Six Japanese companies plan to jointly develop a basic platform for manufacturing next-generation mobile phone handsets as a way to cut development time and costs, the companies said yesterday.
NTT DoCoMo Inc, the biggest carrier in Japan, and five manufacturing companies hope to complete the platform -- a system that contains all the basic hardware and software common to mobile phones -- during the July-September quarter of next year, the companies said in a joint statement.
Semiconductor maker Renesas Technology Corp, mobile phone manufacturer Sony Ericcsson Mobile Communications and electronics manufacturers Fujitsu Ltd, Mitsubishi Electric Corp and Sharp Corp round out the consortium.
The companies said that joint development of the basic platform for third-generation (3G) mobile phones should help cut their development time and costs, freeing them to invest more time and resources on developing distinctive handset features and expand their product lineups.
Renesas plans to provide the platform to the worldwide W-CDMA market in addition to customers in Japan, the statement added.
W-CDMA is a 3G wireless technology that allows for speedier Internet connections and downloads of digital files over cellphone networks.
The platform will also support telephones based on 2G technologies, the statement said.
Separately, Japan's Telecommunications Carriers Association announced on Wednesday that the total number of mobile telephone subscriptions in the country topped 100 million for the first time last month.
Mobile phone service subscriptions rose to 100.22 million as of Jan. 31, up 0.4 percent from 99.83 million the previous month, it said.
The figure combines data for mobile phone contracts with subscriptions to personal handyphone systems (PHS), a type of mobile phone service developed in Japan.
The PHS service is known for its high voice quality and low power consumption, but the service area covered by each PHS base station is much smaller than systems using newer technologies.
The total number of subscriptions represents about 78 percent of Japan's population of 127.8 million, though that does not take into account the possibility of one person having multiple mobile phone contracts.
Mobile phone users are a ubiquitous sight in Japan, where people use the phones for everything from listening to music and downloading videos to sending e-mail and surfing the Internet.
Some more recent phone models are also equipped to function as electronic wallets.
CAUTION: Taiwanese should be alert, even if they have just liked or shared posts that would breach Beijing’s national security legislation for Hong Kong, the council said Due to the newly implemented Hong Kong national security legislation, the Mainland Affairs Council (MAC) has drawn up a list of what it described as “high-risk groups,” cautioning them not to travel to Hong Kong. People who support independence for Taiwan, Hong Kong, Tibet and Xinjiang; those who are critical of the Chinese Communist Party (CCP), the Hong Kong government and the “one country, two systems” concept; and those who donated to or voiced support for the Hong Kong anti-extradition bill movement are urged to refrain from visiting Hong Kong, the council said on its Web site. It released two posts on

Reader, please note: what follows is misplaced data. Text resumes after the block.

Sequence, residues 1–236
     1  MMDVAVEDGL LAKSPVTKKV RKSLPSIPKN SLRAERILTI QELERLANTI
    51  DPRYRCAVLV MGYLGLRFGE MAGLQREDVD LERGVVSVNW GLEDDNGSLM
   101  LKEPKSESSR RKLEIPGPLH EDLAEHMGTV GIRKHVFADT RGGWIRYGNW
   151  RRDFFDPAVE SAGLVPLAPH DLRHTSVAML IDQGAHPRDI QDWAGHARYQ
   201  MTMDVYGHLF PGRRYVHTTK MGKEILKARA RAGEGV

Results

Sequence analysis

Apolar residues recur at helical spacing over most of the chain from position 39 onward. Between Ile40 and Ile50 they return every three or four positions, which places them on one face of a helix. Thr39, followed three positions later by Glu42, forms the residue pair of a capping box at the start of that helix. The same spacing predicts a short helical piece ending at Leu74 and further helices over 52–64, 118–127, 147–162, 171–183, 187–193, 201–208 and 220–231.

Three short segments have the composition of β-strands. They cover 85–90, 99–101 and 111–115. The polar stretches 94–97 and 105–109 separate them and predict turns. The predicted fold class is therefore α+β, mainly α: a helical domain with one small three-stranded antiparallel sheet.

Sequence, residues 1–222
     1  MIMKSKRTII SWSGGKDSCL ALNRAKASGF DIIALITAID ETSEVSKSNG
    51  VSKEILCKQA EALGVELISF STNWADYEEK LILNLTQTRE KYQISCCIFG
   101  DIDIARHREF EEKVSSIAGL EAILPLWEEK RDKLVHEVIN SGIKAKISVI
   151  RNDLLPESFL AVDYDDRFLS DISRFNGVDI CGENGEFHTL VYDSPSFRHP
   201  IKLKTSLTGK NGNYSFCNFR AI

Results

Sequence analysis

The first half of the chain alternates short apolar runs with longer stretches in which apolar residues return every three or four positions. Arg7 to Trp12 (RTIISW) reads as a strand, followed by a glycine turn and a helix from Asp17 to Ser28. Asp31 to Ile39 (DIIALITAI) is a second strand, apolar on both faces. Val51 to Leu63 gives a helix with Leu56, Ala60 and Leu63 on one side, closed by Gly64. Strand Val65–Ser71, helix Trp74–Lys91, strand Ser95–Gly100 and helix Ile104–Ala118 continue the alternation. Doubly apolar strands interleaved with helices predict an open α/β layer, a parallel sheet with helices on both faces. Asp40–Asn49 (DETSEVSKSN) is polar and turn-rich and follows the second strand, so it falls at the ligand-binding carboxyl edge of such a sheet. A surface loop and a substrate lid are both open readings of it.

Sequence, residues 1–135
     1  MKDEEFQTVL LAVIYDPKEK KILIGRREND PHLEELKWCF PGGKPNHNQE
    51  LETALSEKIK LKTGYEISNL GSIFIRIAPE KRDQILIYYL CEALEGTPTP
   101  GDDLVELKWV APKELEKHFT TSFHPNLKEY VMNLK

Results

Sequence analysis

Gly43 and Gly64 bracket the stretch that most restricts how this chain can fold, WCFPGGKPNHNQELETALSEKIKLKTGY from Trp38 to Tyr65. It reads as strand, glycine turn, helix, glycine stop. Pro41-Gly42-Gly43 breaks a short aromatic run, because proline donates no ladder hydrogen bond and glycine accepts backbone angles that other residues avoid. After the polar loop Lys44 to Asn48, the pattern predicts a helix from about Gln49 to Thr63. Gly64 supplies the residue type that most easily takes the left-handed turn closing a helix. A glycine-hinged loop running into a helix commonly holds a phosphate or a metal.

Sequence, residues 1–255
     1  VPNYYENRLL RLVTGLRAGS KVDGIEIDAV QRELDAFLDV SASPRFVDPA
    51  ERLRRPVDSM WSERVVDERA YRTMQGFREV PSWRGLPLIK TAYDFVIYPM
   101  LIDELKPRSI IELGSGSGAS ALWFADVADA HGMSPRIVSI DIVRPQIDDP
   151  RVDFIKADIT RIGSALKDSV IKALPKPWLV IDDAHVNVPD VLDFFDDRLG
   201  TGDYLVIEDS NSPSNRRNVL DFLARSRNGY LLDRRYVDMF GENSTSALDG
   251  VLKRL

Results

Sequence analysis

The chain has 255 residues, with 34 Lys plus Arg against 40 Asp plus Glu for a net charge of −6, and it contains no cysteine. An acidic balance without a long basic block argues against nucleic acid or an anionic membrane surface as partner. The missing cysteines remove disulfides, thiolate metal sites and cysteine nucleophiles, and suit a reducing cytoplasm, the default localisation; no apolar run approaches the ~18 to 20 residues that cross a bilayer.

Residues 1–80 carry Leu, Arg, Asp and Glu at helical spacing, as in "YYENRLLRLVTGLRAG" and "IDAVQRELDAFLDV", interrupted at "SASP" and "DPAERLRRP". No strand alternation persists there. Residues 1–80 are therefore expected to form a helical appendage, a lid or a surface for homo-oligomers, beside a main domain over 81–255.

HONG KONG SECURITY: The president blasted regulations requiring Taiwanese agents or political organizations to provide information on their Hong Kong-related activities President Tsai Ing-wen (蔡英文) yesterday warned of countermeasures should controversial Chinese national security legislation imposed on Hong Kong undermine or harm Taiwanese interests. Article 43 of the legislation empowers the Hong Kong Special Administrative Region to serve written notices to Taiwanese political organizations or individual agents to furnish information on their Hong Kong-related activities, including their personal particulars, finances, assets, expenditure and capital in the territory. Failure to comply or providing false or incomplete information can result in a fine of HK$100,000 (US$12,903) or imprisonment of six months or two years respectively. Tsai said that Taiwan would keep a close watch on how
NEW HONG KONG LAW: A visit to Beijing-friendly nations or those with weak judicial systems could leave people at risk of deportation to China, a former MAC official said Beijing could request countries with which it has extradition agreements to deport Taiwanese to China to face criminal charges following the implementation of national security legislation for Hong Kong, a former Mainland Affairs Council (MAC) official warned yesterday. Some developing countries, and those close to China because of the Belt and Road Initiative, are likely to accommodate Beijing’s requests to extradite Taiwanese to China, said former deputy MAC minister Chen Ming-chi (陳明祺), who served from July 2, 2018, until May 20, and then returned to his former post as an assistant professor of sociology at National Tsing Hua University. While Taiwanese
MORAL COURAGE: The Ministry of Foreign Affairs urged the global community to face China’s intention to subdue Taiwan and reject such irrational requests The Ministry of Foreign Affairs yesterday strongly condemned the Chinese government for meddling with US officials’ interactions with Taiwan after FBI Director Christopher Wray revealed China’s efforts to discourage US officials from visiting Taiwan. The greatest long-term threat to the US’ information security and intellectual property, as well as its economic vitality, is China’s counterintelligence and economic espionage operations, Wray told a video event at the Hudson Institute in Washington. Beijing is engaged in a highly sophisticated and maligning foreign influence campaign, with methods that include bribery, blackmail and covert deals, he said. Giving an example, Wray said that when a US official